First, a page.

In the heart of darkness: U.S. covert actions in Africa

Quashon Avent
Staff Writer

opinions_quashon_covert_army.mill_Sgt. Philip McTaggart

PC: Sgt. Philip McTaggart

The War on Terror began 17 years ago, sparked by the events of 9/11. Our first military conflicts began with the invasions of Iraq and Afghanistan. Eventually we saw combat in Libya, Pakistan, Yemen, Syria and Egypt. Our counterterrorism operations in Africa, however, rarely receive any public attention. In 2014 alone, we were militarily involved with 49 out of 54 African nations.

The United States Africa Command was created in 2007 by the Bush Administration. It was meant to centralize all US security activities in Africa. From its inception, AFRICOM has seen a huge amount of criticism. Critics saw this as a repeat of America’s Cold War policies in Africa, where we committed numerous human rights violations, such as assassinations, propping up military dictatorships and trafficking weapons.

Unsurprisingly, the U.S. government continued many of its Cold War strategies. One of those policies is the use of proxy wars. A proxy war is a conflict created or instigated by a major power, but fought by a third party. We did this during the wars in Korea, Vietnam and even the Soviet-Afghan war. In Africa we train soldiers, supply them with weapons and supervise their missions. Generally these missions are “direct action” combat raids against Islamic militants. An active-duty Green Beret officer reportedly described the program as “It’s less, ‘We’re helping you,’ and more, ‘You’re doing our bidding’” according to Politico.

Besides using African soldiers as their own, the military broke protocol by engaging in direct combat. This is a direct contradiction to statements issued from high-level government executives. Lt. Gen. Kenneth McKenzie, director of the Pentagon’s Joint Staff blatantly said soldiers aren’t involved in combat. He stated, “No, we’re not involved in direct action missions with partner forces.”  

How can that be true if Sgt. Alexander Conrad was killed during a special ops mission in Somalia? Chief Petty Officer Kyle Milliken was also killed during a SEALS mission in Somalia. Four American soldiers were killed during an ambush in Tongo Tongo, Niger. From 2015-2017 U.S. soldiers were involved in ten separate firefights. These firefights were left unreported until earlier this year. Something is killing these soldiers and it sure isn’t the water.

Supposedly, Section 127e is a legal authority that allows soldiers to switch from a supervising role to a combat one. U.S. representative Richard Hudson confirmed its existence and purpose in the recent quote, “If you’re deployed under this combating terrorism authority, 127e, that’s probably combat.”

The full details surrounding this policy remain shrouded in mystery, but its full power is well-known to members of the Special-Ops community. In 2014, Adm. William McRaven stated that Section 127e is “probably the single most important authority we have in our fight against terrorism.” Earlier this year, General Tony Thomas told congress that the authority’s “unique access and capabilities achieve results.” He never explained what those capabilities were or what results were achieved.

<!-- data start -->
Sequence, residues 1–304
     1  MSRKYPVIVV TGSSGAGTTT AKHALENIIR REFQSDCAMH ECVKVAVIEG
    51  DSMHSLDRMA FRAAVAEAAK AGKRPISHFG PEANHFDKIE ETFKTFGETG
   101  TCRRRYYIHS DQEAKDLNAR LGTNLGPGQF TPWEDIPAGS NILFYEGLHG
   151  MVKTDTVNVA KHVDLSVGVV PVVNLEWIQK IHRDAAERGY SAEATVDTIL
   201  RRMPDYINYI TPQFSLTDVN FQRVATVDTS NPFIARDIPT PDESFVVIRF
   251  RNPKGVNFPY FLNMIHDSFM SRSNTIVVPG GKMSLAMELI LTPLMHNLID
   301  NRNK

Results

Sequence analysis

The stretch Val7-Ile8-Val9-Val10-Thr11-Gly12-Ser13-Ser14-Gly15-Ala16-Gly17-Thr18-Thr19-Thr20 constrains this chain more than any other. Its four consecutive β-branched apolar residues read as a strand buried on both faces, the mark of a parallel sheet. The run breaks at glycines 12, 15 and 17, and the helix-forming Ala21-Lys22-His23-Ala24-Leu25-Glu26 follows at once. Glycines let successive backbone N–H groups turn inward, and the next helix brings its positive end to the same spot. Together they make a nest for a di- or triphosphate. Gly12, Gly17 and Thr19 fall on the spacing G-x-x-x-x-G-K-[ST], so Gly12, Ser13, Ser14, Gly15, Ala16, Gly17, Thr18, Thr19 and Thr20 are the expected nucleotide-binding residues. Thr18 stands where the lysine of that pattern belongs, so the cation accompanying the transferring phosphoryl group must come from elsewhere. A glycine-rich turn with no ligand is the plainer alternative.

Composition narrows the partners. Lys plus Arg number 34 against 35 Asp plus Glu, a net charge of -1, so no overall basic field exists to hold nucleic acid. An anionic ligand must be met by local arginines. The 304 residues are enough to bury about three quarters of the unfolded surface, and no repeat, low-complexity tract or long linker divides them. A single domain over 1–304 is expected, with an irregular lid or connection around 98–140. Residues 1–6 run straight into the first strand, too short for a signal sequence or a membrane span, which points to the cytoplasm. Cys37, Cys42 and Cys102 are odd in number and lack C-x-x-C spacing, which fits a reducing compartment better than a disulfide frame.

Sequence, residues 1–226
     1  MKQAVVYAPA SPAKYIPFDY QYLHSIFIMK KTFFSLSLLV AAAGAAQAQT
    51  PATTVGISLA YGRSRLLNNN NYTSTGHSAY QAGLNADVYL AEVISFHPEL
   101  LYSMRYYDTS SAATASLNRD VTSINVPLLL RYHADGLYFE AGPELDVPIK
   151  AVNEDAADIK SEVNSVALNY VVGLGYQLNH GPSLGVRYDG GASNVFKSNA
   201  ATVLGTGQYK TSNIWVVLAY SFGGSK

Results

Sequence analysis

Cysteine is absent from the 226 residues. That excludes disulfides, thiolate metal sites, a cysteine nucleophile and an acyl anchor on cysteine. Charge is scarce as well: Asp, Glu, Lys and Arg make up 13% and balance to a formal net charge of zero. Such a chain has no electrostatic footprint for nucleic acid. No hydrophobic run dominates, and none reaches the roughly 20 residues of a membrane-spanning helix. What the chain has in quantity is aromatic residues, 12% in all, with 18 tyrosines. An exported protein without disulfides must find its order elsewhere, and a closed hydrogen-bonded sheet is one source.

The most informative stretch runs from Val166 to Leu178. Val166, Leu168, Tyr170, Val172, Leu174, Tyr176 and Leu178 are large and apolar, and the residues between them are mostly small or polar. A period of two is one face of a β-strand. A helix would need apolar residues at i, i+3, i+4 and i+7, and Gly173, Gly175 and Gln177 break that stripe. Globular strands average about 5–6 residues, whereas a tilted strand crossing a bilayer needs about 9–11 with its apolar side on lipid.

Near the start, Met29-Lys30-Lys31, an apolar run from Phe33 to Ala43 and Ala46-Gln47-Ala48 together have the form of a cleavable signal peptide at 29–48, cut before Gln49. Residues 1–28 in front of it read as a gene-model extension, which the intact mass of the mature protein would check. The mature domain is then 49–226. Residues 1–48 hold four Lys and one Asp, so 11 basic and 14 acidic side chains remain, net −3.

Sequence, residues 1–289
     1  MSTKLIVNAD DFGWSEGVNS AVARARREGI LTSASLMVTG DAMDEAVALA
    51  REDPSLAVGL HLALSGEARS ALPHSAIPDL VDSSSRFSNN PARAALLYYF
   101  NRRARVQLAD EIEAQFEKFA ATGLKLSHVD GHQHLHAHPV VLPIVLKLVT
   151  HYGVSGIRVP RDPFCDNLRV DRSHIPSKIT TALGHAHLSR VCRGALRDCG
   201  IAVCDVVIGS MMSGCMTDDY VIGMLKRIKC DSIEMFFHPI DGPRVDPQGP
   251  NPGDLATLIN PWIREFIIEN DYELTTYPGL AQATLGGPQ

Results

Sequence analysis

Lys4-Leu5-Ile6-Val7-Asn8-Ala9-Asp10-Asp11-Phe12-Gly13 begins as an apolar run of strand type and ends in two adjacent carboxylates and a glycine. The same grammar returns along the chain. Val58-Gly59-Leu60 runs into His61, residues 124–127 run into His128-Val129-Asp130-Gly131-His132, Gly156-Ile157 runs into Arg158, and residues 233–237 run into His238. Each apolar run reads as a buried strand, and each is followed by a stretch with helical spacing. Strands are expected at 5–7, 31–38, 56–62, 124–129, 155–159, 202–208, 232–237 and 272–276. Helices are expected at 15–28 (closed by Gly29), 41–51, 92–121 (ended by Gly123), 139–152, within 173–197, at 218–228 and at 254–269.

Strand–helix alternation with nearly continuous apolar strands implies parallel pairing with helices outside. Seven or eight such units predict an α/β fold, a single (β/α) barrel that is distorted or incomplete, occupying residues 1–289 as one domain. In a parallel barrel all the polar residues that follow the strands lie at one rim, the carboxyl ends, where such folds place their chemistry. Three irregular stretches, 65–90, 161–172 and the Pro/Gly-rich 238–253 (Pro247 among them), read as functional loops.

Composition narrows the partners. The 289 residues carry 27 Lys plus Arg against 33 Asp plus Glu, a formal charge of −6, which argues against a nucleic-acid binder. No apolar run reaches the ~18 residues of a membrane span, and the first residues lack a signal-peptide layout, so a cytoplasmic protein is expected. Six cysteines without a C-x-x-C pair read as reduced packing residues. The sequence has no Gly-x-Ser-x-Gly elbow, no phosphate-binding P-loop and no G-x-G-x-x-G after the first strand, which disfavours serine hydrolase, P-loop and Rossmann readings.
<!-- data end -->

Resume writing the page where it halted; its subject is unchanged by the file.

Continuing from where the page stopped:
The U.S. military confirmed in July of 2018 that they would reduce troop numbers in Africa. Sounds great right? Well not really. The terror threat in Africa has grown exponentially since we began operations there, according to Bloomberg News. Militants are so well armed, they were able to take out a Malian military base.

Officials said that troops and funding will be redirected towards the growing threats of China, North Korea and Russia. This will leave a huge reduction in military resources for partnered nations. We could potentially see a repeat of Vietnam or Mosul.

Thankfully, the Pentagon has a plan to stop this from happening. The U.S. will spend $100 million in military aid to seven African countries they believe are the most “capable” to fight terror groups. The majority of this money ($70 million) will go to Uganda. That means that $30 million has to be split between Cameroon, Kenya, Mauritania and Nigeria.

The Pentagon also has plans to provide aid to our European allies, who will in turn, transfer their resources to Africa. This is ironic, seeing as President Trump has complained that our allies aren’t paying enough for their defenses.

Also, bad news for anyone in the National Guard. The commander of AFRICOM, General Thomas Waldhauser, has plans to replace special ops units with national guardsmen. In the Aug. 1, 2018 issue of the New York Times, he states that guardsmen from California, Michigan and Indiana will be paired with African soldiers. He didn’t release a timeline, but I assume it will happen soon.

Ultimately, I think America’s involvement in Africa is a disaster. The people of Africa have been lied to, stolen from, silenced and subjugated for centuries. Whether it was the Atlantic slave trade or neoliberal economic policies, Africans have always been exploited for economic gain by those in power.

Now the U.S. has decided to exploit them for military gain. During the Cold War we killed their leaders, caused political upheaval and watched apathetically as our puppet regimes committed horrible atrocities. Now in the War on Terror, we send Africans to die for us and string their governments along with the promise of monetary gain.

I’m also appalled by the countless deaths of American soldiers, many of them treated as an afterthought. These were brave men and women who fought for a country that lies constantly about the details of their deaths and plans to send many more to an early grave. Some will say this is a necessary evil to fight terrorism in the African continent. In the words of Ernest Hemingway, “Never think that war, no matter how necessary, nor how justified, is not a crime.”



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